You forget about Europe sometimes don't you? Most of us will have visited bits of it recently – Umbria, the Loire, the OK parts of Majorca – but the thumping whole, the nation-states of 'old' Europe and their collective conspiracy in Brussels, you just don't do you? So sometimes it surprises you.
At the time of US sub-prime meltdown, when financial engineering, the great triumphalist machine of the Anglosphere, seems to have gone into reverse, poisoning everything across the world, Europe looks surprisingly solid and attractive. They still make things there. Policy wonks here in the UK had practically forgotten it too. They're obsessed with the idea of the emerging Asian giant – Chindia – and with the unattractive turbulent countries of the Middle East.
So it's nice to be reminded by the new Fiat Grande Punto commercial that life goes on in rough old Turin. And to see the lovely Italian national colours. The red, white and green combo is a good taste classic, but still sharp and lively. In the Punto campaign, three Puntos are painted in these and they look very cheerful in old Italian streets (but have you ever seen a Punto in England?).
It's a tremendously syncopated ad, with lots of driving movements – click, push, turn – made to a clever remix of old Italian-American Louis Prima's 'Oh Marie'. And off those little cars race. I say race – that's when the film's not going back in time to the music in that very mannered 1998 way. So the cars are dancing around – down stone stairs, through shallow water, across what look like station platforms. But at one point we know exactly where they are. They're on that banked rooftop Silverstone-in-the-sky circuit on top of the old Fiat factory in Turin, featured in one of the most famous British TV commercials, late-70s, for CDPs "hand built by robots". For Fiat.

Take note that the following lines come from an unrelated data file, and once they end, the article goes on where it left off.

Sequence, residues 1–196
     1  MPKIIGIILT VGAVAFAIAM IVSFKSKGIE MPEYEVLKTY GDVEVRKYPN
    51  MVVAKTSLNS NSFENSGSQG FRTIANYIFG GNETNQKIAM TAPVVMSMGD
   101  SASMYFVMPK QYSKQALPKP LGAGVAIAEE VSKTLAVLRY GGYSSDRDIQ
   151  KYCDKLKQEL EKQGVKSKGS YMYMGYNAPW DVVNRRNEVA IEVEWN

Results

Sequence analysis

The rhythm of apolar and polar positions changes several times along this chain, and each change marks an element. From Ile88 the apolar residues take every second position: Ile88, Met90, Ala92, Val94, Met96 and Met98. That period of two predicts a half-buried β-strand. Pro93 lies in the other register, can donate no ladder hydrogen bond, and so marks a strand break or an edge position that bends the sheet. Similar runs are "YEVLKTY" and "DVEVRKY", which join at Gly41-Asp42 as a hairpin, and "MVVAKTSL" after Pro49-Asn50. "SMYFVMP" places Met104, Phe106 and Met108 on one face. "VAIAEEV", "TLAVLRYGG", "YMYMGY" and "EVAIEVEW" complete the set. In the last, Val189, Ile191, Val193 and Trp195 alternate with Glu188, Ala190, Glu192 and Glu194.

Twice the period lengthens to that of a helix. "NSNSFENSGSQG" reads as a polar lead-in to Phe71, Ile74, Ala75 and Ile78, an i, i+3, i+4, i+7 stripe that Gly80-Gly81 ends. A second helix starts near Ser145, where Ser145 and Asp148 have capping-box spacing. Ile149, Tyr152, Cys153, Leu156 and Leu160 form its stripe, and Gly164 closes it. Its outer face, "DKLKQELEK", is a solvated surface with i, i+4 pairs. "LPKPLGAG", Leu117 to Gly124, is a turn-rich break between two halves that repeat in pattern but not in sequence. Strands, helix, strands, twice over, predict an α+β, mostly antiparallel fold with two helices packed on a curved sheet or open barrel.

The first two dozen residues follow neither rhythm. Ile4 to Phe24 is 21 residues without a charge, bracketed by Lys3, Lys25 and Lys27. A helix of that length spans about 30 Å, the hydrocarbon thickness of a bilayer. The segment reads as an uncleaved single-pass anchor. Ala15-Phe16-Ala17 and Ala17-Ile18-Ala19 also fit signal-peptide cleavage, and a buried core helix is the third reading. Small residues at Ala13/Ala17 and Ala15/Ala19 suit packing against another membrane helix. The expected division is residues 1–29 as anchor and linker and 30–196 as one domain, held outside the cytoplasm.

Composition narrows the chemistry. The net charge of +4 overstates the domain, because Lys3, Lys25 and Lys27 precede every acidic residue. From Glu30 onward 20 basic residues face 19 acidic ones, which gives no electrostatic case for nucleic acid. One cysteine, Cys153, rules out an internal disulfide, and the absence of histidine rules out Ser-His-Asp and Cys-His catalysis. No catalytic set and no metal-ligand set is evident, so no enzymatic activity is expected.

So it's all quite sub-texty enough, then they go and introduce another layer. They call it 'The Italian Job Remixed'. Some mistake here surely. 'The Italian Job' was a British film of 1969 that became central to our view of ourselves and the decade. It's all about small winsome cars that do tricks and drive around impossible places to music.
But those little cars were Minis. Austin or Morris Minis, much later revived successfully as the BMW Mini, a super-mini like the Fiat Grande Punto. Almost every Englishman over 20, and a fair few younger ones, will know all this and more. Some will even feel deeply about it. So it might just be a mistake to hit that nerve in Britain. And nice as it all looks, the Grande Punto design isn't nearly as distinctive as the old or the new Mini – it looks a bit like the Ford Focus.
But Fiat is apparently back from the brink, and the Grande Punto a great success in Europe; so we have to be pleased for them.